City of Utica

Submitted by Barbara Andresen

From ROMAN CITIZEN newspaper, Rome, Oneida County, New York, Wednesday, July 31, 1850


                                                             As it was in Appearance in 1812

Well does the writer remember in the Winter of 1812, of coming into Utica from the land of steady habits, and not supposing whem he left the home of his childhood and youth, that the Whitestown country, as then called, was new, and wild to find, as flourising a village as Utica then was; no wonder his bump of curiosity if not enlarged, was highly gratified in finding a village as flourishing on the banks of the Mohawk as they were on the banks of his own beautiful Connecticut.

But now after the lapse of over one quarter of a century, when it has become what it now is, the Central City of the Empire State, beautiful for situation as any other --filled up with an enterprising, intelligent, virtuous, and go-a-head class of men, who will not be turned aside for any ordinary obstacles, in beautifying and enlarging the bounds and usefulness of their city.

Let us see how it appeared to the eye of the stranger; then as you crossed the Dyke, (as then called) from Deerfield Corners, you passed over the Mohawk on a covered bridge; and as you entered the village, on the right and left of the bridge were two small store-houses, built to receive the freight of the batteauxs that were poled up the Mohawk by hand, with from 10 to 12 tons of merchandize.  Immediately on the left your eyes were greeted with the plain sign of M. Baggs' Tavern, kept in a gamble-roofed youse, one story and a half high, 20 or 25 Stores, neat in their appearance, with Mechanic Shops built up Genesee street as far as what is now called Bond street, and a few scattering buildings further up.  Opposite Broad street, where the Ontario Branch Bank stands, was Watts Sherman's Ashery and Hodges' Tavern; where Doolittle & Norris' are, near that was a building erected by Watts Sherman for a School House, in which he supported a charity school for the poor; but few buildings above this on the road to New Hartford.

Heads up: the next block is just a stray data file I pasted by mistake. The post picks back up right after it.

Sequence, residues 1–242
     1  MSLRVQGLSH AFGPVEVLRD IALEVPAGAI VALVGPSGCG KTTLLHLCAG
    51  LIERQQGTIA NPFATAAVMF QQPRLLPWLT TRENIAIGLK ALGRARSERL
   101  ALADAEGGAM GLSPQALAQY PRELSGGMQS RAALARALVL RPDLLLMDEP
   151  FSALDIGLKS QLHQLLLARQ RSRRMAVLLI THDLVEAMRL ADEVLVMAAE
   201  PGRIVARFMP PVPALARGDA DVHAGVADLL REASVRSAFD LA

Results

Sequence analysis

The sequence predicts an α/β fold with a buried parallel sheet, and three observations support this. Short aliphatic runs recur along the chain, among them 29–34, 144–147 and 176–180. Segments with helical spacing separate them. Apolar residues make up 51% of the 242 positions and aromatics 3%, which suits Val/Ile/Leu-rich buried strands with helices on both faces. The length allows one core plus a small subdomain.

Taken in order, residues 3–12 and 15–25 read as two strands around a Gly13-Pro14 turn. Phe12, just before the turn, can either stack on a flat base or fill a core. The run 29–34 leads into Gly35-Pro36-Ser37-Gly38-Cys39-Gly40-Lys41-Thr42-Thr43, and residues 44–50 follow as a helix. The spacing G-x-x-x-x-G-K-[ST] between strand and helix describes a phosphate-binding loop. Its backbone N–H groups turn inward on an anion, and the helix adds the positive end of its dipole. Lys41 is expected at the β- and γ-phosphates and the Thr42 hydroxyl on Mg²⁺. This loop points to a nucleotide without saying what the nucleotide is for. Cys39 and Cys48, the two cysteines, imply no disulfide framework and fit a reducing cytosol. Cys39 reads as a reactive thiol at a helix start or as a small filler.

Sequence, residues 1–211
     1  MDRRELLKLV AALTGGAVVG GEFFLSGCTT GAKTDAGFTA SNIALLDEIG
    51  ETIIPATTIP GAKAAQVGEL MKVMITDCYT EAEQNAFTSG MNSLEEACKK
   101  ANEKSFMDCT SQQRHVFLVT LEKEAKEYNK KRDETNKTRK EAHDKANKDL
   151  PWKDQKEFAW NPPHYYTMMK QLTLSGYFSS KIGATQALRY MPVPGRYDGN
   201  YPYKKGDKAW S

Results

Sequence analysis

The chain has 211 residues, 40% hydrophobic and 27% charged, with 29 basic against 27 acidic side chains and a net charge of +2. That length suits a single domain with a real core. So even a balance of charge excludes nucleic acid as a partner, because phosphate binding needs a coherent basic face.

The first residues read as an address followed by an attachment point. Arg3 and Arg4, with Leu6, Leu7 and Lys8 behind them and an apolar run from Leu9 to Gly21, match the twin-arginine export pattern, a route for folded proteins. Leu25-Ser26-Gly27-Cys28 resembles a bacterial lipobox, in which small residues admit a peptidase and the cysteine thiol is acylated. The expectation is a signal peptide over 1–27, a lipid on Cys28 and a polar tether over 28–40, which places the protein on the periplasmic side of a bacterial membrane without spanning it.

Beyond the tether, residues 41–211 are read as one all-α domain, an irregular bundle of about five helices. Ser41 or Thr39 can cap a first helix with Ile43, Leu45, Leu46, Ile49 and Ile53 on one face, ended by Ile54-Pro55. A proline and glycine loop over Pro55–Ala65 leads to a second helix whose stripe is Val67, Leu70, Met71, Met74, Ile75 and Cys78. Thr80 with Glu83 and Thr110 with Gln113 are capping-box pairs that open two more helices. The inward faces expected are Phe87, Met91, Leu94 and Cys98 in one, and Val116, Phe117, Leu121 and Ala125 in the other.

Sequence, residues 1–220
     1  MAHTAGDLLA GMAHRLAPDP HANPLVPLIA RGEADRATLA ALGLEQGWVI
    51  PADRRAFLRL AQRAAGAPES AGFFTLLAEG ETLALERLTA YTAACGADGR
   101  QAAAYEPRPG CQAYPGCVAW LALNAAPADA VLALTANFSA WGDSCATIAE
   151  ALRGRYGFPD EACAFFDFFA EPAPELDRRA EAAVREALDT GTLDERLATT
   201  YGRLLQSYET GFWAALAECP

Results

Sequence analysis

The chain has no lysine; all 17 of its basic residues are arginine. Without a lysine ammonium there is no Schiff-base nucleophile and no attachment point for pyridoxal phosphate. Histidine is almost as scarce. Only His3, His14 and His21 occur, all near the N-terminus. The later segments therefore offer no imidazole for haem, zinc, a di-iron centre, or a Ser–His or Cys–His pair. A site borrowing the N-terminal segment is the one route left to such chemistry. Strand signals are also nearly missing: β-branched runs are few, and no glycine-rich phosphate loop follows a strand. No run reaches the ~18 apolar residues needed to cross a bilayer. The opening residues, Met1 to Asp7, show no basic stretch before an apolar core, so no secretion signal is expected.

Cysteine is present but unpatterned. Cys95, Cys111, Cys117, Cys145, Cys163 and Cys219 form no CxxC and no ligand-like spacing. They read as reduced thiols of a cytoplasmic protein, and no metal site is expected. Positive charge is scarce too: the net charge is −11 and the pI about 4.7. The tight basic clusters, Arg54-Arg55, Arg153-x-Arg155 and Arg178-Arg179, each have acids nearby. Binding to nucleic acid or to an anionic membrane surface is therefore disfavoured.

Below Baggs' Tavern, on Water street, at its lower end, was the pleasant cottage of Judge Miller, the finest spot in Utica.  Just below this house was a bridge over the Mohawk; over it passed the Genesee and Mohawk Turnpike, as the road left the Genesee street on the hill, and passed below the village, and came into Deerfield one-fourth of a mile below the Corners, and on this Turnpike were to be seen, every day, the four, six, and eight horse wagons, that carried the wheat and flour from the West to Albany, and returned loaded with merchandize.  Up Whitesboro street you passed the Manhattan Branch Bank, located in the frostroom of a small brick house corner of Seneca and Whitesboro streets, above it Smith's Tavern.  Above this Hoyt's Tannery, and still further on Judge Cooper's ten acre lot and neat dwelling; above him Potter's farm and farm buildings, considered worth 30 to 40 dollars per acre, as being near the village; beyond this a corderoy road to Whitestown and Rome.

Genesee street was then, as it is now, a wide beautiful thoroughfare, leading out West to New Hartford and Clinton, well mecadamized over the logs of which it was originally made, (as many of the Uticans can testify, who witnessed the digging of the Erie Canal when the logs were thrown out of their bed.)  The road South, by their splendid "Mount of Vision" for the burial of their dead, was not known.

The village contained about three thousand inhabitants who were noted for their industry and perserverance in every good work.  There were two Churches; their Schools well supported, giving promise of their future thrift and greatness.  There was a daily stage to Albany, and also one West, run by Parker, the Pioneer Mail Carrier, who carried the first mail from Albany to Utica, once a week, on horseback.

Now reader, what is Utica?  It is truly what it is called, the Central City in the midst of surrounding villages, teeming with their thousands of intelligent and virtuous inhabitants, numbering as independent a population as any place in this mighty Republic of the Western Hemisphere can boast of or show.